🦋 Bluesky spreads its wings
Edition 62 of BWG
👋🏻 Hey, friends! Welcome to edition 62 of Basic Web Guy.
I've been using Proton Mail over the past month and it's a great (and private) alternative to Gmail. If you're looking to change up your email platform, I recommend it!
🦋 Bluesky social is now available to everyone. It's official, Bluesky has dropped its invite-only access and has opened its doors to all. While the platform may look like just another Twitter clone on the surface, if you look deeper, you'll see that the platform is decentralized, which means it will soon be interoperable with Mastodon, and eventually, Threads.
"The idea is that Bluesky users will be able to opt into experiences that aren’t run by the company and bring their profiles with them to rival apps on the network," writes The Verge's Alex Heath.
In addition to developing interoperability, Bluesky CEO Jay Graber recently explained to Business Insider that the company has been working to create a positive experience for users.
"Over the past year, we've been giving ourselves space to make sure that things like the underlying infrastructure and moderation capacities are built up," she said. "Now, we're just about ready."
I never thought I'd say this, but social platforms are moving in the right direction. By decentralizing, they're giving up some control by allowing for interoperability with other platforms. I'm hopeful these changes will usher in a new era for social media, which is much needed.
🧑💻 Earlier this week, I wrote about the risks related to China-backed hacking campaigns intended to disrupt critical U.S. infrastructure. Now, I've learned that Chinese hackers had access to such American infrastructure for a period of at least five years.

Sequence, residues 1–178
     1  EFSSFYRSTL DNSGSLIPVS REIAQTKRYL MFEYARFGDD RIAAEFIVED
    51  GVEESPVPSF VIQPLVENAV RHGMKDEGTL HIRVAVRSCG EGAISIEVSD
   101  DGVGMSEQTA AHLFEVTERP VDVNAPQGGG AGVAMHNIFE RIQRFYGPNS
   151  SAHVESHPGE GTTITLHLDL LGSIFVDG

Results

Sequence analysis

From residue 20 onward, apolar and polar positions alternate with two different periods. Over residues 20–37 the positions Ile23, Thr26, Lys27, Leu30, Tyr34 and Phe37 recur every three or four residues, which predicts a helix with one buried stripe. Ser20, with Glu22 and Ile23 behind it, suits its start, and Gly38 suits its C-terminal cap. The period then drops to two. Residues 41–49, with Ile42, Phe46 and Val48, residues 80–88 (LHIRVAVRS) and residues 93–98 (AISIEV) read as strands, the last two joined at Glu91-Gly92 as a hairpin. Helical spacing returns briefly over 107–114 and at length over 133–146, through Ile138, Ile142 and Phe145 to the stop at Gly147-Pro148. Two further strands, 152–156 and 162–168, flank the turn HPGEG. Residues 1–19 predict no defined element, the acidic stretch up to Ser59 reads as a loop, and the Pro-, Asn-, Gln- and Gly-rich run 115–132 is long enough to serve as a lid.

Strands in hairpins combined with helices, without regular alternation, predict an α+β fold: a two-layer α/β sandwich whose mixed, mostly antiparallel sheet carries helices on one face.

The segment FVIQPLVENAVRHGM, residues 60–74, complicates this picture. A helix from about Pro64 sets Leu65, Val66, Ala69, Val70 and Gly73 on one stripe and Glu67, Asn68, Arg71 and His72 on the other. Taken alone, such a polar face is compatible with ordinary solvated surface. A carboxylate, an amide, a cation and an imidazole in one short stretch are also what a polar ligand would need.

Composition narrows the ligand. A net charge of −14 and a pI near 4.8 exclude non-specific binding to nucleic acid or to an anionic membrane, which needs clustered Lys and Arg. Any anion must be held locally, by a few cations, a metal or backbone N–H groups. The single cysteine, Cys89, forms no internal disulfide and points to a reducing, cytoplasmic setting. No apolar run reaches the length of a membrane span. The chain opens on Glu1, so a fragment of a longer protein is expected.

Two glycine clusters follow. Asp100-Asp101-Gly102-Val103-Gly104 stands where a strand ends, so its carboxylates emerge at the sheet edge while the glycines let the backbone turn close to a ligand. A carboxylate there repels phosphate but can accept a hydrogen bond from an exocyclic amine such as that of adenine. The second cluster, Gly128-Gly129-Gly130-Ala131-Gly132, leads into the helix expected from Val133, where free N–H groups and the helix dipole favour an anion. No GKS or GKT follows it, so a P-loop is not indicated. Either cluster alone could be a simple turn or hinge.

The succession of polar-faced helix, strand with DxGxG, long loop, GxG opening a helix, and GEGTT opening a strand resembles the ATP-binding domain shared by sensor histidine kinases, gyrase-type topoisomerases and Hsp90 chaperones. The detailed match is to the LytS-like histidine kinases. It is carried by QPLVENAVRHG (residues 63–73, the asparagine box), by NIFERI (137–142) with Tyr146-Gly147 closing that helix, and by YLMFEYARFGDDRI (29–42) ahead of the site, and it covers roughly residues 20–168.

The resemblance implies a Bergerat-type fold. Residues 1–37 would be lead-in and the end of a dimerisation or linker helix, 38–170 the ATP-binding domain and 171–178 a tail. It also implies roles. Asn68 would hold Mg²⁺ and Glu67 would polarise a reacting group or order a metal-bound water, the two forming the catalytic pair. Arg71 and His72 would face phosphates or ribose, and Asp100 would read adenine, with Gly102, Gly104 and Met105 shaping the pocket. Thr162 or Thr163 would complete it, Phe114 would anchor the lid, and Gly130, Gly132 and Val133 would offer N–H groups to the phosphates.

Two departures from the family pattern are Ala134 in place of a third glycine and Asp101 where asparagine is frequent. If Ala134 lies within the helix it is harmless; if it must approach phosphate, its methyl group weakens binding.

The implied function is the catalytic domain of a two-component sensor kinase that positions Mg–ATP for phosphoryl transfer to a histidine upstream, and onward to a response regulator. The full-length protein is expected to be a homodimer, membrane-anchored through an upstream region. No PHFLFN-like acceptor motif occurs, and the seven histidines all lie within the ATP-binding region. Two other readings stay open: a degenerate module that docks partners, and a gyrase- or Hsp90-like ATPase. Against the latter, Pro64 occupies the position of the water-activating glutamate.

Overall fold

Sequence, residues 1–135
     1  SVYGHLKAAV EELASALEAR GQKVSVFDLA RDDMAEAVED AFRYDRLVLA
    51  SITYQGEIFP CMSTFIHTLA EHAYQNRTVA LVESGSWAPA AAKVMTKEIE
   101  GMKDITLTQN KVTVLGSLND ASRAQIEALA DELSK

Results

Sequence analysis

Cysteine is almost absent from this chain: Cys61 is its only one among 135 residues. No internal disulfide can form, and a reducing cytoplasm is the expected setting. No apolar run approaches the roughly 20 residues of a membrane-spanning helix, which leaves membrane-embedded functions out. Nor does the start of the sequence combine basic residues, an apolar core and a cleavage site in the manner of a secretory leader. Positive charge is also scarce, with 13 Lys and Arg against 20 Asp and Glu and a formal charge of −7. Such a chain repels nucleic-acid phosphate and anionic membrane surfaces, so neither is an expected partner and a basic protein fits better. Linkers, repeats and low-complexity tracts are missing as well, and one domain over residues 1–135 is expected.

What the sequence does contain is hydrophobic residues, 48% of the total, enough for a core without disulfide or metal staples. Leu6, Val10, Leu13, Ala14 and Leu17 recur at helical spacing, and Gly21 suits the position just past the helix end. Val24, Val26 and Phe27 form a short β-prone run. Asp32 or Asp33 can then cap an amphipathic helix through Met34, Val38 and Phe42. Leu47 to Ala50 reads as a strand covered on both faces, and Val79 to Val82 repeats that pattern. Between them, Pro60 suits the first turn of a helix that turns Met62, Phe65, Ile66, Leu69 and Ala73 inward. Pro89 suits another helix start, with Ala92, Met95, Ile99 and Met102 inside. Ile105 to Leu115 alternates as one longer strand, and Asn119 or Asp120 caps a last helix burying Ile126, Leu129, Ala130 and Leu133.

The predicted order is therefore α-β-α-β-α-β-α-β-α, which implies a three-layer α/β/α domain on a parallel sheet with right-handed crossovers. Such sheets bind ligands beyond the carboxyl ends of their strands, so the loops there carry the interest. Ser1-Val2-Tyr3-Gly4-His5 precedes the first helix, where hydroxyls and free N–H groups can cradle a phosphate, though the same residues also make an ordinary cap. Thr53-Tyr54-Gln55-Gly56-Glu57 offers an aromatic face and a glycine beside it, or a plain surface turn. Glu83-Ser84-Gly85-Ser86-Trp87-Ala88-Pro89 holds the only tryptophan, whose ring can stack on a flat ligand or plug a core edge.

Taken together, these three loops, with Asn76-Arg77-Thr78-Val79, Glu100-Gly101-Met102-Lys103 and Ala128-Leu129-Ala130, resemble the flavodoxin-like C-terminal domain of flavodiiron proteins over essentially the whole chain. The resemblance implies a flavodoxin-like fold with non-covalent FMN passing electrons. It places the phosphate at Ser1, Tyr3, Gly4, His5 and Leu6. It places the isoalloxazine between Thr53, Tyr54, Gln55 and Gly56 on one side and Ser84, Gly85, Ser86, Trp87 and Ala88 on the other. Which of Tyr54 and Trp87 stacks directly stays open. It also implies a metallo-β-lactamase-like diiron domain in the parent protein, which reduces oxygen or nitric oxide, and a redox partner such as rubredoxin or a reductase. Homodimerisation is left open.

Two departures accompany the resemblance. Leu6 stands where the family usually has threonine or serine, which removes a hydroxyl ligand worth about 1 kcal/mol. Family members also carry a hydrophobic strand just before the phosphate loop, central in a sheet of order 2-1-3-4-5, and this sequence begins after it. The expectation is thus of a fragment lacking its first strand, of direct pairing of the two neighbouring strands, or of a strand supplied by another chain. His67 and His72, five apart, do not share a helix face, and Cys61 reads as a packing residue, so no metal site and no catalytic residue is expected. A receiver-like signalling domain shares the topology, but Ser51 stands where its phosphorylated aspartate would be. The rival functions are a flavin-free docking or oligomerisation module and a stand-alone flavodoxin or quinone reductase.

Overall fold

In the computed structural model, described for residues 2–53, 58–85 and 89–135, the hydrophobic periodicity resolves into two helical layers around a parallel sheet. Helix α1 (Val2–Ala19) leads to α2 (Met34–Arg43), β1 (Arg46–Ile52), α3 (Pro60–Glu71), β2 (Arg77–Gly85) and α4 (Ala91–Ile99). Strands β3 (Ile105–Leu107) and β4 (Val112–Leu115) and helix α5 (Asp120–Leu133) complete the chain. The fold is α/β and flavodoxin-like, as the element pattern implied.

A report released on Wednesday by the Cybersecurity and Infrastructure Security Agency shows that a state-sponsored cyber group known as Volt Typhoon compromised critical infrastructure "primarily in Communications, Energy, Transportation Systems, and Water and Wastewater Systems Sectors—in the continental and non-continental United States and its territories, including Guam."
FBI director Christopher Wray recently explained to Congress last week that "[c]yber threats to our critical infrastructure represent real world threats to our physical safety."
Axios details more information on the hack, noting that "Volt Typhoon has been seen controlling some victims' surveillance camera systems, and its access could have allowed the group to disrupt critical energy and water controls."
A more detailed report will be released next week.
☎️ The FCC has banned AI-generated voices in robocalls and texts amid growing concern "the technology can be used to deceive or mislead people," notes The Wall Street Journal.
"Bad actors are using AI-generated voices in unsolicited robocalls to extort vulnerable family members, imitate celebrities, and misinform voters," said FCC Chair Jessica Rosenworcel. "We're putting the fraudsters behind these robocalls on notice."
This comes after an AI-generated robocall using President Biden's voice was used with the intention to prevent people from voting in the New Hampshire primary.
Moving forward, callers who use AI must receive consent from the people they're calling or robotexting, according to the Journal.
AI has already been a threat to elections around the world as deepfakes emerge. "U.S. Commerce Secretary Gina Raimondo said she’s “very worried” about the possibility of AI disrupting the 2024 presidential election," notes Semafor.
The FCC's decision to prevent AI-generated robocalls and texts is a small but notable step to preventing deepfake election misinformation. Let's hope it's not too little too late.
🤖 Google has renamed its AI chatbot. Gemini replaces Bard as the company's generative AI assistant, paving the way for Gemini to be Google's de facto chatbot. Android users can even replace the Google Assistant of "Hey Google" fame with Gemini.
"Our mission with Bard has always been to give you direct access to our AI models, and Gemini represents our most capable family of models," writes Google's Sissie Hsiao. "To reflect this, Bard will now simply be known as Gemini."
The company has a lot riding on Gemini. The Verge notes that "Gemini might matter just as much" as Search. "Now Google needs to prove it can keep up with the industry, as it looks to both build a compelling consumer product and try to convince developers to build on Gemini and not with OpenAI."
It appears Google may be working towards this very mission as it looks to compete with OpenAI's ChatGPT.
Regarding AI chatbots, Hsiao added that "[w]e continue to take a bold and responsible approach to bringing this technology to the world."
1 fun thing
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